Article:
Most Popular IFFM Film Promo for “Historic Jeddah” (Saudi Arabia) International Film Festival Manhattan 2015 New York City, New York, U.S.A
Honorable Mention for “Our Journey to Hijaz” (Saudi Arabia) International Film Festival Manhattan 2016 New York City, New York, U.S.A
Lineses says that although she’s been living in Saudi Arabia for her entire life, there are still many things she doesn’t know about her country’s history and cultural heritage.
“It was only early last year when I started to learn about it on my own by attending cultural events and tours,” said Lineses. “I also discovered that my mother’s first sponsor — when she came to Saudi Arabia — was a member of the Naseef family.”
Naseef is one of the most prominent families in Saudi Arabia, and their ancestral house, Bayt Naseef, is now a museum, which is highlighted in her documentary.
“As a pioneer, I hope that I am able to contribute to Saudi Arabia’s promising future in the field of cinema,” Lineses says. “I also hope that I am able to give rise to aspiring Saudi filmmakers to do the impossible, break stereotypes, and to not shy away from adversities.”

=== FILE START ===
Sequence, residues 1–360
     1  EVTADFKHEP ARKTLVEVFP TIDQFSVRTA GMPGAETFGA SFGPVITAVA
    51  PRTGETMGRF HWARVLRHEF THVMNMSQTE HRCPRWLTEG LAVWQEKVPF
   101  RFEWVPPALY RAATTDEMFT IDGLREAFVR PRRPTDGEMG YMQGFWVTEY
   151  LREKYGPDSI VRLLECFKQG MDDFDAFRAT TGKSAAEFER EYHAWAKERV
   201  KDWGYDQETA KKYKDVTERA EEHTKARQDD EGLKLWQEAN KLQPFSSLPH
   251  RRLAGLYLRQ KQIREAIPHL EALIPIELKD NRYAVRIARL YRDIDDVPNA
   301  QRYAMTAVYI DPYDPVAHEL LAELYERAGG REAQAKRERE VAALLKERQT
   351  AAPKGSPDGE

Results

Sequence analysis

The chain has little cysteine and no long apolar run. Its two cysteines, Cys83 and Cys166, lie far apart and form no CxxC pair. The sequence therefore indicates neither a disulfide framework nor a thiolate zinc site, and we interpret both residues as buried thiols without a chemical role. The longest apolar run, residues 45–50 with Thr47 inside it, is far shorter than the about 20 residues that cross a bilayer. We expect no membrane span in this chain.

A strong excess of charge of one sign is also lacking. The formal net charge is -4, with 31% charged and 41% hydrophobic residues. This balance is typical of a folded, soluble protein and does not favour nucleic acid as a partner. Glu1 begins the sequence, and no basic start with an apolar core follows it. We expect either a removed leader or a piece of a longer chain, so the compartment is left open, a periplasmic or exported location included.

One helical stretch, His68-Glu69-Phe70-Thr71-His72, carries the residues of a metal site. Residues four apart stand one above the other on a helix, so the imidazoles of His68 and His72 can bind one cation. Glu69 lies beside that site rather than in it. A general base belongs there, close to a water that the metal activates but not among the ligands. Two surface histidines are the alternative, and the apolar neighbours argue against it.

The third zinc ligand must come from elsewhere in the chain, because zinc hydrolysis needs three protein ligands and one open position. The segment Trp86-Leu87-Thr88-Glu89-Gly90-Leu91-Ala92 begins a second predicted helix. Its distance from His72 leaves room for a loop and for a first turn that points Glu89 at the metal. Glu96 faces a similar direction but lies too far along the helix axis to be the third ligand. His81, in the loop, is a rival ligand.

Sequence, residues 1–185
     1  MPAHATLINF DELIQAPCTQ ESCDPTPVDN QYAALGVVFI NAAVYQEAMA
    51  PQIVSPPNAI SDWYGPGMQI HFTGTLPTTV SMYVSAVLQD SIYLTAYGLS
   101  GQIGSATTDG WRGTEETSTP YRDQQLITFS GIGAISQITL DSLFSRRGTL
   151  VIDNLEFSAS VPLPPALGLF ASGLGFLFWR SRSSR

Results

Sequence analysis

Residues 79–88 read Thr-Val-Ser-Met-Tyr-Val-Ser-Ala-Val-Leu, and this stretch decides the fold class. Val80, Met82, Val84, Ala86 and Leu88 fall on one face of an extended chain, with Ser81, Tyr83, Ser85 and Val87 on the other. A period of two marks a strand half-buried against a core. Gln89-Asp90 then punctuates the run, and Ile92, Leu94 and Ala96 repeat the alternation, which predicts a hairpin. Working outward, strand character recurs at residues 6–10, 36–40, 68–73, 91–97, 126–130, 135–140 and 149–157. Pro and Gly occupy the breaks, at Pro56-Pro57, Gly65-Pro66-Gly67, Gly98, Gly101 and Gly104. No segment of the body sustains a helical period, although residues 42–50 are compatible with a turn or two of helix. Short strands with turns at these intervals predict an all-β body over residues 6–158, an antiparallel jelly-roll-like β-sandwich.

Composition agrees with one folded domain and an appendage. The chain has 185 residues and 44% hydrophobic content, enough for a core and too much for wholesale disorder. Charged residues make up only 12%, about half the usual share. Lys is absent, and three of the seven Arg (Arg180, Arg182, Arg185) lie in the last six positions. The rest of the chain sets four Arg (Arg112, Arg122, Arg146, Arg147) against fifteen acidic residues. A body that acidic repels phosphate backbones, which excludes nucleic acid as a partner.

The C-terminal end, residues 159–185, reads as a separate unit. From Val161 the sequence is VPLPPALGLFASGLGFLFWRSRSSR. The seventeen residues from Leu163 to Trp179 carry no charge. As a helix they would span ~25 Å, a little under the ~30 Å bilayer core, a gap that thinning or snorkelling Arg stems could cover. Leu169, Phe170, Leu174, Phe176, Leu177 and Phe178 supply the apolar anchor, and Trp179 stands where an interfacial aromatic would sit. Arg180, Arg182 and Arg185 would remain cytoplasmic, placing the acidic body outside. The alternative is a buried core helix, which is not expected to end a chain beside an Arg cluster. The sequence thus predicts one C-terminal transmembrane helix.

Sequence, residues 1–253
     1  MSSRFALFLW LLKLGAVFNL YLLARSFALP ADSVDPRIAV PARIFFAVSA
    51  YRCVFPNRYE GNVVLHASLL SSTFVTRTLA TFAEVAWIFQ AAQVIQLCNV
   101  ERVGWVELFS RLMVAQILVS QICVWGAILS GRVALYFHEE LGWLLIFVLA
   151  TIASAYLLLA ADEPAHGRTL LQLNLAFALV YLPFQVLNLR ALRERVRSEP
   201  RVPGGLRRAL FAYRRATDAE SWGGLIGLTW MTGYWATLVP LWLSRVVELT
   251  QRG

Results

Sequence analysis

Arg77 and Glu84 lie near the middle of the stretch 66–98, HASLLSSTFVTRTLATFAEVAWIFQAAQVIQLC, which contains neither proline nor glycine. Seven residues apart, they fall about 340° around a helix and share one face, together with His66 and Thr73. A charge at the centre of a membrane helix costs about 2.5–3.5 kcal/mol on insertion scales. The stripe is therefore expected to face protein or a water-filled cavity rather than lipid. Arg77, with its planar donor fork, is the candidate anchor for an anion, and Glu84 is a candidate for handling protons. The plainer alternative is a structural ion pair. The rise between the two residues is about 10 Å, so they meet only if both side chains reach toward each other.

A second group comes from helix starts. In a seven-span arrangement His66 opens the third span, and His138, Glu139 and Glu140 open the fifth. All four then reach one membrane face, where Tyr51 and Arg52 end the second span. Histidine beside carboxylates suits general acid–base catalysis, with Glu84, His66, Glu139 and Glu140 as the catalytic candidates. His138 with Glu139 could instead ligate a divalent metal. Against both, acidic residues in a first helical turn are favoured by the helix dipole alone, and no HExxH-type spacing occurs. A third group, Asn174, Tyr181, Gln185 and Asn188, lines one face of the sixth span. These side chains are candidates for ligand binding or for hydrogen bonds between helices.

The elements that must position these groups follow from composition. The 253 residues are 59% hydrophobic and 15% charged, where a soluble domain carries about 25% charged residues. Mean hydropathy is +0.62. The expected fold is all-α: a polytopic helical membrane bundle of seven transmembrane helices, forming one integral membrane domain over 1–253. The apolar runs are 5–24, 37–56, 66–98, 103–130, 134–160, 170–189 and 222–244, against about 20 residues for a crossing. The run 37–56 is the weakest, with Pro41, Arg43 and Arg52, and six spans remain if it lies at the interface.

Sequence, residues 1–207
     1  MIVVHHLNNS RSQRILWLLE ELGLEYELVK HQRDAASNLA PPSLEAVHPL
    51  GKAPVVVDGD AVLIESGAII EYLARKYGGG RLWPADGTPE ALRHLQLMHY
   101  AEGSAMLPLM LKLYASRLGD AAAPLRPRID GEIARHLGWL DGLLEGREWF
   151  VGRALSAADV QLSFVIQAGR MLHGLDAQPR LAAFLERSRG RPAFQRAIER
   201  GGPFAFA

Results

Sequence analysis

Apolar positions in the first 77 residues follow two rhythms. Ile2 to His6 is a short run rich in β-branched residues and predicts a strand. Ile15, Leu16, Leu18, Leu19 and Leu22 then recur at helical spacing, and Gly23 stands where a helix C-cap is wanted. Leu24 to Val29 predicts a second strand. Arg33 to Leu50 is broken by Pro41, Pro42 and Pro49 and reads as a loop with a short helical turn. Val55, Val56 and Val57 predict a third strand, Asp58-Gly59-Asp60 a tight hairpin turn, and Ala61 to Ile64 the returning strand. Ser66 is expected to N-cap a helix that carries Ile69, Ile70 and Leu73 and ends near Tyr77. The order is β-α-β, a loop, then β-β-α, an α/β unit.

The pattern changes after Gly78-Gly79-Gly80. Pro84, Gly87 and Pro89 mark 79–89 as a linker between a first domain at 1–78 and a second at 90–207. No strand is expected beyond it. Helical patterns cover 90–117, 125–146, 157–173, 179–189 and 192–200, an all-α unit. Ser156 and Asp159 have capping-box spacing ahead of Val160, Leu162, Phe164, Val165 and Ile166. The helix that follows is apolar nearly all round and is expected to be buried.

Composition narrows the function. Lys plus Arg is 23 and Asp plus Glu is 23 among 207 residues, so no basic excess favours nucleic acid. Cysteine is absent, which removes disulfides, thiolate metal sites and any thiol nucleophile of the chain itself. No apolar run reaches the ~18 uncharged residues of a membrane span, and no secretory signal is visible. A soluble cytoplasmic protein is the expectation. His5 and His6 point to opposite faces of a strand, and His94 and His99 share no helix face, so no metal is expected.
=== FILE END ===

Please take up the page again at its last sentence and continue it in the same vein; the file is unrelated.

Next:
She also hopes her documentaries will show that it is possible to make a film about Saudi Arabia and still uphold the country’s code of conduct.
Lineses is now working on another documentary, “Third Culture Kids of Saudi Arabia,” about the people born, raised and currently living in Saudi Arabia. “This film will tackle our everyday lives and show how we assimilate into society,” says Lineses.